TORONTO – Indigenous people will no longer have to swear allegiance to the Queen when they’re elected to civic office after the Ontario government created a new municipal oath.
The change comes after an Indigenous councillor-elect in a northern Ontario town was nearly forced to vacate his recently won seat because he wouldn’t pledge allegiance to the Crown.
Municipal Affairs Minister Steve Clark said in a statement Tuesday he was made aware of Gaetan Baillargeon’s case and asked ministry staff to create an alternate oath that would better reflect the views of Indigenous people.
Baillargeon, who was elected to council in Hearst, Ont., had said he would not pledge allegiance to the Queen because the Crown represents residential schools, the reserve system, and broken treaties.
“I pledge allegiance to the Indigenous peoples.(The Queen), she doesn’t represent me,” he said. “Nor does the Crown. I represent the people that I work for and that’s the people of Hearst, and the Indigenous peoples of Canada.”
He said some initially suggested he take the original oath nonetheless but he felt that would be dishonest.
“A lot of people said, ‘Why don’t you just cross your fingers, why don’t you just lie or say it through your teeth?”‘ Baillargeon said.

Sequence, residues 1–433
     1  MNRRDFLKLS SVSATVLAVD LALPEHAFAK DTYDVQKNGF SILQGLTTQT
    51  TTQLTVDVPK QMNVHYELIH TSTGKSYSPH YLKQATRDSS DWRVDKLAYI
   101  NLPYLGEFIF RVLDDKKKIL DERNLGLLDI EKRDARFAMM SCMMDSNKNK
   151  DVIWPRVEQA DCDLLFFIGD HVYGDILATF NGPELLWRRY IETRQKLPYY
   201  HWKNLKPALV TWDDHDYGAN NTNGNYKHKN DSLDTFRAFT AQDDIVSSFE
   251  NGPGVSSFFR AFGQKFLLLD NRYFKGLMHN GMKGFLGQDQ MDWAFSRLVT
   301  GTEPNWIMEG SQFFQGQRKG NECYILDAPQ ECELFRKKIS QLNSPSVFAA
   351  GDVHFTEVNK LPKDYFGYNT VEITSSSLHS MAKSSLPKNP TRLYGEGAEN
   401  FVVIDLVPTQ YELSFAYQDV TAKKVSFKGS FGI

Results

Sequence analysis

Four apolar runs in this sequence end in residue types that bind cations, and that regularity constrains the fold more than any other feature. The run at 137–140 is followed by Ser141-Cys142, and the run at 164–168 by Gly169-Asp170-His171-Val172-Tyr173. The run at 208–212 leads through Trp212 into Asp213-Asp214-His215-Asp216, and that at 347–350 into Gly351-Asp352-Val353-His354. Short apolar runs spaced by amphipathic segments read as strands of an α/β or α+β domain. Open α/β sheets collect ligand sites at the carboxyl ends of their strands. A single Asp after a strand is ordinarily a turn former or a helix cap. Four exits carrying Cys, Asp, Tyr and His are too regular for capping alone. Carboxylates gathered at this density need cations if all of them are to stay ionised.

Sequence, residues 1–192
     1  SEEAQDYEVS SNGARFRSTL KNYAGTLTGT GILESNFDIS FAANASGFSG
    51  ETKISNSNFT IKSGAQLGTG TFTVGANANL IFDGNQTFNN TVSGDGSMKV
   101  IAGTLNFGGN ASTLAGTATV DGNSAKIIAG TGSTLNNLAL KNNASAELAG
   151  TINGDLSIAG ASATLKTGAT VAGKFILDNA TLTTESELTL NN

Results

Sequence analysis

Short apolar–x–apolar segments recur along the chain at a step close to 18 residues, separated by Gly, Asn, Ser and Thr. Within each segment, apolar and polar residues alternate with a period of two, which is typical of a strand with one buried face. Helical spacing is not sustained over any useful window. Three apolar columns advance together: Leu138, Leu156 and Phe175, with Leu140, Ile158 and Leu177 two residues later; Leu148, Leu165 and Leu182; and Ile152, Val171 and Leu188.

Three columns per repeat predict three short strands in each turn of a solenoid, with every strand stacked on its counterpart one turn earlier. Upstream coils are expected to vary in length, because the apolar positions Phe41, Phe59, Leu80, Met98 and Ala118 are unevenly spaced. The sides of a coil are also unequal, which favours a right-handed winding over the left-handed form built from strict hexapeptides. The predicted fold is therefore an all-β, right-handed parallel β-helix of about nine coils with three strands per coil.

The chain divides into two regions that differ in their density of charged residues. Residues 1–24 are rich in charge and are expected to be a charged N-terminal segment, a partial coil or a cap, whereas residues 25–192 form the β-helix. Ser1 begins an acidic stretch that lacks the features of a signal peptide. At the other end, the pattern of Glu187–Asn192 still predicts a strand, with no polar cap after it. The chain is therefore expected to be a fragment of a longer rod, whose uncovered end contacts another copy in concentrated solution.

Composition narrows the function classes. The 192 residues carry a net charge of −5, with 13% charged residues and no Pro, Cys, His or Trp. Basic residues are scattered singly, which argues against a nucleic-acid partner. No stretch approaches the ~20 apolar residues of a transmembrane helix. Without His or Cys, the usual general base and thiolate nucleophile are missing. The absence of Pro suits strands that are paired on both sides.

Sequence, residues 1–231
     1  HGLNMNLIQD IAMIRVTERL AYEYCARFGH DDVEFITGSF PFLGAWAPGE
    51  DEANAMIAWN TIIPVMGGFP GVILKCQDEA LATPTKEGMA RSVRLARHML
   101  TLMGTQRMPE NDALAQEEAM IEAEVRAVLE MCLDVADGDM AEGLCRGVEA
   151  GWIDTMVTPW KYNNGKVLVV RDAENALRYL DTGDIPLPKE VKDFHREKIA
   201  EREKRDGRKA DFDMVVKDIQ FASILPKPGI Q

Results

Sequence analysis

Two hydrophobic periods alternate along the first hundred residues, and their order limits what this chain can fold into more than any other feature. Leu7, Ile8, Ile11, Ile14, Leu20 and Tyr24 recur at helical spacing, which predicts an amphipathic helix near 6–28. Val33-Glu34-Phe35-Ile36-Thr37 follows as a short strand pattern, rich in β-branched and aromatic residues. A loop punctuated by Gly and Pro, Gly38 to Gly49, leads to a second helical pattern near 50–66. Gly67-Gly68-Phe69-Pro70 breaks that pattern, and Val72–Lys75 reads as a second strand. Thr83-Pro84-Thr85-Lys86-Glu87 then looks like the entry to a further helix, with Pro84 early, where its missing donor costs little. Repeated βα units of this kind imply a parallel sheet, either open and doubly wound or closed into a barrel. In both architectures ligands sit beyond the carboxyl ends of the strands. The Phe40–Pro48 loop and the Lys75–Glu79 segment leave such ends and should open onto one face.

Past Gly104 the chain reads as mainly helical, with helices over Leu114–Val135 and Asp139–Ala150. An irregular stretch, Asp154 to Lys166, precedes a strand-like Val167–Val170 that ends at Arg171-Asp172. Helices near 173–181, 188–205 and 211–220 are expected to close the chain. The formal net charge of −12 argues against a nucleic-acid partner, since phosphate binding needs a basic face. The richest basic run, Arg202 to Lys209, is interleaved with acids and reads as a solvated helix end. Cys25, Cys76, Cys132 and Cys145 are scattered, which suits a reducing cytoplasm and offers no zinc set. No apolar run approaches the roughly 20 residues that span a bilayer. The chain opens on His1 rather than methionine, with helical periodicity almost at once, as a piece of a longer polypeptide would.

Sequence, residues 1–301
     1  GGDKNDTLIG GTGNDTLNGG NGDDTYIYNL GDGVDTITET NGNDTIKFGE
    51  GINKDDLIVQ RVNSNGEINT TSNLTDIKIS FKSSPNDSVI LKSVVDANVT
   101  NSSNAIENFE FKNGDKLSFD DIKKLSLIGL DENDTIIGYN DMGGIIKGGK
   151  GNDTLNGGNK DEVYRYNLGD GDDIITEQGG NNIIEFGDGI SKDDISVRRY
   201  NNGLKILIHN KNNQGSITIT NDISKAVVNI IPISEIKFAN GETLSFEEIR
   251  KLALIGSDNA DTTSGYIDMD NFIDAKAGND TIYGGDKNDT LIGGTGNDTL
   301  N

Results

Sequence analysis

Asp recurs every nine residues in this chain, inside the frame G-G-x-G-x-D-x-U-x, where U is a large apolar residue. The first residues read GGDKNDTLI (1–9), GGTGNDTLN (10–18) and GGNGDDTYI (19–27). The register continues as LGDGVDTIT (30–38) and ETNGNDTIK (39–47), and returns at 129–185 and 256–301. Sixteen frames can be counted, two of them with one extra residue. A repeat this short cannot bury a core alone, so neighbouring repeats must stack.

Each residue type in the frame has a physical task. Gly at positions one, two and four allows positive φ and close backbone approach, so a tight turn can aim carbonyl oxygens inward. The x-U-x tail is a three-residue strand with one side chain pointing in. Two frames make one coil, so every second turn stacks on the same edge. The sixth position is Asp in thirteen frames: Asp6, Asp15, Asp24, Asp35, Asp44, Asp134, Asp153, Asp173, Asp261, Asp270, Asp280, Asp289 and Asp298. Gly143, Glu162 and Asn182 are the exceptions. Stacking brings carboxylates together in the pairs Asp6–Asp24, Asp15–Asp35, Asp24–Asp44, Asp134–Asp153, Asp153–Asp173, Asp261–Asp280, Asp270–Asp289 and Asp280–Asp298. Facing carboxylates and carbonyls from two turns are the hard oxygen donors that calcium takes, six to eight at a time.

“People say (politicians) always lie. They never hold their word. I wanted to show people that it’s part of me and hopefully people respect what I did.”
The new oath acknowledges pledging allegiance to the Crown would not be consistent with an Indigenous person’s views.
Baillargeon, who is expected to be sworn in Tuesday afternoon, praised the Ontario government for taking action. He said others have expressed frustration with the pledge in the past, adding the change will send a positive message to Indigenous youth.
“Younger generations that are going to come after us are going to be able to say, this is something I want to do,” he said. “They can look at other Indigenous peoples across Ontario and in Canada, taking office and are willing to fight for their own rights and represent their own people.”
In January 2011, the town of Hearst formally appealed to then-Liberal municipal affairs minister Rick Bartolucci to drop the requirement after a francophone councillor raised the issue. Bartolucci refused, saying it was not a priority for the government.
Other Indigenous politicians have been allowed to bend the rules in other situations by using Cree for a pledge or changing the wording, Baillargeon said.
The oath issue also surfaced a few years ago in a failed challenge to Canadian citizenship rules, which requires a pledge of allegiance to the Queen.